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High Court rules that coroner should have resumed inquest into the death of a vulnerable woman killed by her daughter

The High Court has found that a coroner had applied the incorrect test in deciding not to resume a suspended inquest into the death of a woman, VB, killed by her daughter, K, and has ordered that a full inquest should be held.


1 November 2017

Yvonne Kestler, solicitor in the human rights department at law firm Leigh Day, represented VB’s son, MS, in his judicial review application challenging the coroner’s decision not to resume the inquest into the death of his mother.
VB was a person who had struggled with mental illness and alcohol problems over a lengthy period.  Over time it appeared that K was also suffering from some mental health problems, but K was reluctant to seek help from professionals.
The authorities and the health care services were aware of the risk posed by K, particularly to VB.
The police attended VB’s property in June 2012 after K was reported as smashing a glass table after being angry at VB but the police failed to investigate whether VB was at risk. In July 2012 K was reported as absent without leave after escaping from hospital. The police were told that K was very unwell and at risk of committing violence towards VB. In August 2012 K absconded from hospital again, the police were informed K was unwell and had assaulted a member of staff and that being in public meant that she “might do something”. The staff member said that she may be holding VB hostage.  Ward staff raised concerns regarding the potential wellbeing of VB and their staff. The police responded by saying that they would attend if K threatened staff.
On 16 August MS’s grandmother contacted the police raising her concern that she had not heard from VB for some days. The police gained entry to the house and found VB and K present. VB was deceased. K was arrested on suspicion of murder. At a plea and case management hearing K pleaded guilty to the manslaughter of her mother on the basis of diminished responsibility and was made the subject of a hospital order under the provisions of the Mental Health Act 1983.   
Following this incident, a Root Cause Analysis report was completed by Oxford Health NHS Foundation Trust and a Domestic Homicide Review (DHR) was undertaken. The DHR concluded that K’s low risk assessment was not consistent with her presentation and history and that although the homicide was not predictable, it was preventable.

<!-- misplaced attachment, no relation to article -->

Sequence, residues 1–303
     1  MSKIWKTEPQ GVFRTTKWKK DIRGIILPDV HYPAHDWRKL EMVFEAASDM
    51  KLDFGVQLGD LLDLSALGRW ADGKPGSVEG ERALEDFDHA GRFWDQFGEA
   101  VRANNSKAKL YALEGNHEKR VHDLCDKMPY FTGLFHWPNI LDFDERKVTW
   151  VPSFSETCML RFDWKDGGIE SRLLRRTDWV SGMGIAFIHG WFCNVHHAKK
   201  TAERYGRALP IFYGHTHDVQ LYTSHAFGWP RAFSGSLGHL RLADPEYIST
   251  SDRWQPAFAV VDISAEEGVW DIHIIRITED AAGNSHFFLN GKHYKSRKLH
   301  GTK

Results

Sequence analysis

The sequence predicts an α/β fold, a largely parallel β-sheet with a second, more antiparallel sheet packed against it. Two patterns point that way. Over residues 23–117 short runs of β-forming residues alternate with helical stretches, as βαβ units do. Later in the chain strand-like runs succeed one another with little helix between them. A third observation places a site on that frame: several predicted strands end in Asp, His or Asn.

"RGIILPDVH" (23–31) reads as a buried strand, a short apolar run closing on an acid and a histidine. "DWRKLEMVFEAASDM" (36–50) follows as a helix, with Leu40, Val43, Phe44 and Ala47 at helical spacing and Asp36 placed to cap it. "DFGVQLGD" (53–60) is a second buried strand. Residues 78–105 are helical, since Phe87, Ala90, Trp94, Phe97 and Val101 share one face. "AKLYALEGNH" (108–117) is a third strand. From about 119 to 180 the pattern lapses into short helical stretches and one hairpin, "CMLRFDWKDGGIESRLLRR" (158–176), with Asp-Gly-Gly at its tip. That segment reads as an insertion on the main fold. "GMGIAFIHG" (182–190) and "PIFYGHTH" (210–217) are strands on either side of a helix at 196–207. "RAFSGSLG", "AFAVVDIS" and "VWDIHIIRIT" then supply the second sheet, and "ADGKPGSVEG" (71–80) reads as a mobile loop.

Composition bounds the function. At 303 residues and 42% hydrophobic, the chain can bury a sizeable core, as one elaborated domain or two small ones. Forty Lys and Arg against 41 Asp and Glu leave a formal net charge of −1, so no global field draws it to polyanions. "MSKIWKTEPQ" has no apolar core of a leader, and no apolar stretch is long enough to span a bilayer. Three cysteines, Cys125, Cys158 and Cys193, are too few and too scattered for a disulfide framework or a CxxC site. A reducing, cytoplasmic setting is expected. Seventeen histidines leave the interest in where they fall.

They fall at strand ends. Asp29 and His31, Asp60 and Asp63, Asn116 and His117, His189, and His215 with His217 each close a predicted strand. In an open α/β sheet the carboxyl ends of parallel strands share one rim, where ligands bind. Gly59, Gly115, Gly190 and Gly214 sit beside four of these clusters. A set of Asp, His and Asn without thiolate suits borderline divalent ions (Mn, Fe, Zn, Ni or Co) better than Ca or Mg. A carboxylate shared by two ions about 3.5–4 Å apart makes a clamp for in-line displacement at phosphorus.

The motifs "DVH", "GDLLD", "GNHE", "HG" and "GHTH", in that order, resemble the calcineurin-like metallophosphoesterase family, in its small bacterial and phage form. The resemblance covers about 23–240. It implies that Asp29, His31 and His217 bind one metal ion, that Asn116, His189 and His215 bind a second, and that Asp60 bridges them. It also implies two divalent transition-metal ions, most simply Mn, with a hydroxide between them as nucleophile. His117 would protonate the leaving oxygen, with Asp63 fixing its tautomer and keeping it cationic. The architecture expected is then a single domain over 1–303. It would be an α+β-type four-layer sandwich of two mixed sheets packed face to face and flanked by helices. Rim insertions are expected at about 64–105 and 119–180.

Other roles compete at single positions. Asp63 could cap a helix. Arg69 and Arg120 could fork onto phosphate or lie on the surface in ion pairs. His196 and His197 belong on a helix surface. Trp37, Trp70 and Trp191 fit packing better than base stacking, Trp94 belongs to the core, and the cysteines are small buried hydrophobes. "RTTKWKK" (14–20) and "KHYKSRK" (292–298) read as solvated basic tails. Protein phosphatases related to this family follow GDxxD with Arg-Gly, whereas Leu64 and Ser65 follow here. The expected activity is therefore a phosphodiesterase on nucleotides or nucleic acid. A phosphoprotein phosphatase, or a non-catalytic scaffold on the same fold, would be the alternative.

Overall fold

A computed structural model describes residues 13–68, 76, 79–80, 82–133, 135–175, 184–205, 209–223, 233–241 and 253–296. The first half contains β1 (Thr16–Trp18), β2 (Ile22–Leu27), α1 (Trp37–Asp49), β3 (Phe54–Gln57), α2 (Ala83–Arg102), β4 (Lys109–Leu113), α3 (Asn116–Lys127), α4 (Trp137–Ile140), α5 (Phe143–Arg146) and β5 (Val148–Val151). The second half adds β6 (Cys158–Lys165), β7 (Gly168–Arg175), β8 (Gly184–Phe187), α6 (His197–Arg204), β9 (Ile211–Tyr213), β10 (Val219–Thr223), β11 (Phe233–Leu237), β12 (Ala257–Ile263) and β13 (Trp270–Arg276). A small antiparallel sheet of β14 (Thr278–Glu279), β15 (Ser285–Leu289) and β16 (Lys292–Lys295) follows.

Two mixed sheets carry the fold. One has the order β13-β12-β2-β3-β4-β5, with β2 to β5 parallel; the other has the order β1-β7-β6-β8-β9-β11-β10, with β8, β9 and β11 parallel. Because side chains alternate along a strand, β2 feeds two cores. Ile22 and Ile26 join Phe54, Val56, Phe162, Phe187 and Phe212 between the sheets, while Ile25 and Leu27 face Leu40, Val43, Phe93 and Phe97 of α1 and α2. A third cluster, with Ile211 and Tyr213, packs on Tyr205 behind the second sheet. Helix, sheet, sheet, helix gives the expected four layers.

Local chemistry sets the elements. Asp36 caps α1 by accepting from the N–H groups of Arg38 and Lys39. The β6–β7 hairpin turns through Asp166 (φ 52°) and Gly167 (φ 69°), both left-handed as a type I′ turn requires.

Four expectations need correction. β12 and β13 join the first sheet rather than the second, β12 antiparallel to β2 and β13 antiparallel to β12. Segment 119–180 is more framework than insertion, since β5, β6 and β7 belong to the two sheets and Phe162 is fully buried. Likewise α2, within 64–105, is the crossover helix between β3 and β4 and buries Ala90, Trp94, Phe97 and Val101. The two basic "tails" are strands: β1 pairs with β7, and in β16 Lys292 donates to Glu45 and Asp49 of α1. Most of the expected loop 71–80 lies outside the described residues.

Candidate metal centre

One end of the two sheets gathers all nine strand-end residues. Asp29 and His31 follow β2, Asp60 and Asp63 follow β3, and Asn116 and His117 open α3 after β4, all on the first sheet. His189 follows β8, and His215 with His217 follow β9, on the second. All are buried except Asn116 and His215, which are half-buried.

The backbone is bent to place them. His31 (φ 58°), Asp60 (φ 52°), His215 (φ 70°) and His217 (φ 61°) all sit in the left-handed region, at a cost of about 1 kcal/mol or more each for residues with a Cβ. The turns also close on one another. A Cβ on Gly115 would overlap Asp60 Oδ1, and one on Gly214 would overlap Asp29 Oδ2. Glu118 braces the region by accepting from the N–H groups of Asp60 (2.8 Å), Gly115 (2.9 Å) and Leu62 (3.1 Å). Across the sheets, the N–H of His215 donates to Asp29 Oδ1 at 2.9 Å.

The coroner concluded it was not necessary to hold an inquest as there had been a criminal trial where the facts had been adequately aired and two investigations into the circumstances of the death. This was incorrect as K had pleaded guilty before the case reached a trial and it was submitted that the two investigations into the circumstances of the death were not independent and did not satisfy the obligations under Article 2 of the European Convention on Human Rights – the right to life.
Article 2 inquests are held in cases where the State is deemed to have failed to protect the deceased and allows for an enhanced investigation by the coroner.
The court held that the coroner had referred to the incorrect test for resumption as being "whether the facts of the death [had] been adequately aired in public” when the test was whether "the senior coroner thinks that there is sufficient reason for resuming" a suspended investigation.
Further, the court found that on the facts of the case, the investigative duty required by Article 2 was clearly triggered. The coroner had referred to the "Crown Court trial" as well as the two reports as satisfying Article 2. However, there had not been a Crown Court trial and the investigations undertaken had been private. Taken together, they had not satisfied the requirements under Article 2.
Yvonne Kestler, solicitor in the human rights department, said:
“This claim was of importance to our client as he wanted to ensure that an independent, public investigation was undertaken into the circumstances surrounding his mother’s death, particularly in respect of the care provided to his sister.
“The judgment is of particular importance, not only to our client but to others, as it raises a significant point in respect of whether the Article 2 investigative duty can be complied with by internal investigations.”
Jude Bunting of Doughty Street Chambers was instructed.

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